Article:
• Styles written in cells supersede similar styles applied at row or table level.
  • Styles written in rows supersede similar styles applied at table level.
  • A CSS Style is given priority over an HTML attribute when both are at the same level. For example, if a CSS margin property places a table near the left margin of the page, then the additional centering of the table with the attribute align would be disregarded. Although these formats are not identical, the implied CSS positioning has priority over that of the attribute at the same level.
  • Attributes can sometimes have priority. This can happen only if the attribute is at a table level that is closer to the text. For example: if a table level CSS style sets text to be right-aligned, and a cell attribute centers it, the cell will have centered text while the rest of the table will be right-aligned.
  • A class declaration's CSS styles can be modified by in-line CSS styles at the appropriate level in the table, though attributes cannot override these. Attributes can of course apply to styles not specified by the class at all. The nature of classes is described in the WikiBooks page Class and Style Notes.

If these priorities seem complicated, they are easier to understand in practice. In the following table a number of text colors are applied at each of the table, row, and cell levels. To help understand the basic hierarchy, refer to the code module below while following these points.

  • The default color for a table's text is black. This is not apparent from the code but is a consequence of the Wiki style sheet.
  • A CSS class declaration, ''class=wikitable'', applies various styles to the table all at once, including a gray background. It also uses a black text color.
  • A table style applies red text to the whole table. Without other code, all text would be red.
  • A row style applies blue text to the second row and green to the third. Because the rows have higher priority than the table, they change the text colors.
  • A cell style applies maroon text for two cells. The cell levels have more priority than the table or row and can change certain parts even more.
  • The closer the style is to the text, the higher its priority in setting formats. Further formats applied directly to the data with HTML tags or wikitext are also possible.

What you type:[edit]

{| class="wikitable"  style="color:red;"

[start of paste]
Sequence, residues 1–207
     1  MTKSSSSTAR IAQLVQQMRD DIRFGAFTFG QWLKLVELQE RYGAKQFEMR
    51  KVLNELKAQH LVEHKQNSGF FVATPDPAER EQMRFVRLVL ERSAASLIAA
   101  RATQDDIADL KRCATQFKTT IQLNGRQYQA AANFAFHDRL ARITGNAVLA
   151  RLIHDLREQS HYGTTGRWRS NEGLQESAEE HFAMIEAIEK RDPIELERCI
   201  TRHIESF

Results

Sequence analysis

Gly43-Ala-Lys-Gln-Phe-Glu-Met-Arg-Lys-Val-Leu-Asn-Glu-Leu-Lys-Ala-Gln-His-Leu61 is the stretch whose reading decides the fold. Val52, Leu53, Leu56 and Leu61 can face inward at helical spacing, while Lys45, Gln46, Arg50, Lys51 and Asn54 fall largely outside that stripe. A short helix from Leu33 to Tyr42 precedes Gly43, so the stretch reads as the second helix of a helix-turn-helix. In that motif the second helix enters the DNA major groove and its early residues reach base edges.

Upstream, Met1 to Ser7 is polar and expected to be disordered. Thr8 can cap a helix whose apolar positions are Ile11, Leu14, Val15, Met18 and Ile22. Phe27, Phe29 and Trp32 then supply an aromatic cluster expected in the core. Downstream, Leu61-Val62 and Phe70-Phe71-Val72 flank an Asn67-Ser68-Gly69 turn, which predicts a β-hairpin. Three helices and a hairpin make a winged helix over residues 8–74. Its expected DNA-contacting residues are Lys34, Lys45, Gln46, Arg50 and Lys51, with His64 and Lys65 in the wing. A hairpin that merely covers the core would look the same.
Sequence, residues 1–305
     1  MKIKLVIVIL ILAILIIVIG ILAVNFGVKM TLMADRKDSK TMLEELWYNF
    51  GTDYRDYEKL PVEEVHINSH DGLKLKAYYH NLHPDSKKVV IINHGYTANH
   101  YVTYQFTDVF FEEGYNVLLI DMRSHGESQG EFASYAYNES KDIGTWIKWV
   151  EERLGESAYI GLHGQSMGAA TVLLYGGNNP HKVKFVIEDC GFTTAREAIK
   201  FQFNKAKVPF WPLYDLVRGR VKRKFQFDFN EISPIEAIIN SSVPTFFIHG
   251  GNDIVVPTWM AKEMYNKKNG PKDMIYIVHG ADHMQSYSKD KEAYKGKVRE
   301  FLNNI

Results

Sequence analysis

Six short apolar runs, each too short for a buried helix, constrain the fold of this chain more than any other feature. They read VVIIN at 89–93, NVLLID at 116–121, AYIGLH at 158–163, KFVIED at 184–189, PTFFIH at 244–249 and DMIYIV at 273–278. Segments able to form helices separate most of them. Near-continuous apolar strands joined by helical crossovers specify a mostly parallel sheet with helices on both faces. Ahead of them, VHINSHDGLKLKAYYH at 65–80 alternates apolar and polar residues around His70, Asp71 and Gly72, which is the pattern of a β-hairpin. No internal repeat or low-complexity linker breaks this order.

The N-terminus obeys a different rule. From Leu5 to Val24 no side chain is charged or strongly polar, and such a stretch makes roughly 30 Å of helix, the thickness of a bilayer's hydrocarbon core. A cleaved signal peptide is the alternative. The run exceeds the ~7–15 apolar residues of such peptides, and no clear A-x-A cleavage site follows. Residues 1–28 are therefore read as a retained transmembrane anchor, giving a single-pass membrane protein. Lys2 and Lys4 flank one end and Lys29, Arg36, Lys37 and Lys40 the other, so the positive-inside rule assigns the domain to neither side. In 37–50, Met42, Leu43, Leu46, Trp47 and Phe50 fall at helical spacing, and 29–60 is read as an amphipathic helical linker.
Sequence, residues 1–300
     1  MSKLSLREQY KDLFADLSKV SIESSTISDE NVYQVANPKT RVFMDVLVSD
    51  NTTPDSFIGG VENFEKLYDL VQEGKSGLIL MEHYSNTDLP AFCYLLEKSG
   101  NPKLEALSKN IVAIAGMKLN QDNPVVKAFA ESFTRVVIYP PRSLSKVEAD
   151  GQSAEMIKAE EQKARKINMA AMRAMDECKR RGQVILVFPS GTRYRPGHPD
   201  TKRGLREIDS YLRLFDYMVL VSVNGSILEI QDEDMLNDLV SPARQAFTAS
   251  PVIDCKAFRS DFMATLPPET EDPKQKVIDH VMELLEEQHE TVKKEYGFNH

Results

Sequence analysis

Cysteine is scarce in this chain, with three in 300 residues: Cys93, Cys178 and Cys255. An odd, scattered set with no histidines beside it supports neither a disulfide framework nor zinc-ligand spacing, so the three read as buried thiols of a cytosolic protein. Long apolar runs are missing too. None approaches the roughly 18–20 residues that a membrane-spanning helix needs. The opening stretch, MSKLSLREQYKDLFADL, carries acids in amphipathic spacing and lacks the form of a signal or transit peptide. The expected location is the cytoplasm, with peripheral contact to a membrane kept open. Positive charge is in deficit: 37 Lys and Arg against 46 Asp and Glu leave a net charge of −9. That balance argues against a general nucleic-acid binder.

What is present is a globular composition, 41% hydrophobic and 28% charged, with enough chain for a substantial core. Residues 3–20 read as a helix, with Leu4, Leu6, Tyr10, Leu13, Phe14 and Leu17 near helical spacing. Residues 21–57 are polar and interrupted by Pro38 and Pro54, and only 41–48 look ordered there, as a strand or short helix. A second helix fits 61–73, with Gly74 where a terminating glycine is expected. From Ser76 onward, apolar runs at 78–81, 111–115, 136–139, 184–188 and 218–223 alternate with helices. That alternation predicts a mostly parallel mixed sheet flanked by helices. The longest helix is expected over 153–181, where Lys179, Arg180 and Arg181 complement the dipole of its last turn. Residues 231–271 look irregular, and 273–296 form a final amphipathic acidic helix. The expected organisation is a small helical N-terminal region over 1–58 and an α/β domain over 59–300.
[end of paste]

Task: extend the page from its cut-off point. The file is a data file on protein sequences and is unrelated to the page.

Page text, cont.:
| style="color:maroon;"|'''A1 : Maroon Cell Style'''
  |'''A2 : Red Table Style'''
|- style="color: blue;"
  | style="color:maroon;"|'''B1 : Maroon Cell Style'''
  |'''B2 : Blue Row Style'''
|- style="color: green;"
  | '''C1 : Green Row Style'''
  | '''C2 : Green Row Style'''
  | '''D1 : Red Table Style''' 
  | '''D2 : Red Table Style'''

What you get:[edit]

A1 : Maroon Cell Style A2 : Red Table Style
B1 : Maroon Cell Style B2 : Blue Row Style
C1 : Green Row Style C2 : Green Row Style
D1 : Red Table Style D2 : Red Table Style

This description of CSS priorities has been limited deliberately. The setting of CSS priorities is complex and is determined by various factors. The place that styles are written within the web page or its various style-sheets has an affect, the so-called source of the styles, and there is a hierarchy for these sources. For example, user style-sheet important styles are set higher than any author styles. Additionally, within each collection of styles that exists from a certain source, there are further priorities set; these follow complex rules of precedence; (IDs higher than classes and classes higher than element styles, etc). There is also a rule for duplicated styles that are in conflict, and at times, it is only the browser's work sequence that decides which of various similar styles is to be used. An overview of how CSS priorities work for web pages is given in The CSS Cascade.}}

The Table Parts[edit]

Tables coding needs a basic knowledge of the table spaces.

The table spaces are just the main table elements and the adjustable parts within it. This short section explains the terminology of the table and gives some idea of the nature of its formatting.

Refer to the drop-box The Table Design Spaces for the text.

The Table Design Spaces
Main table spaces.jpg

The Table Design Spaces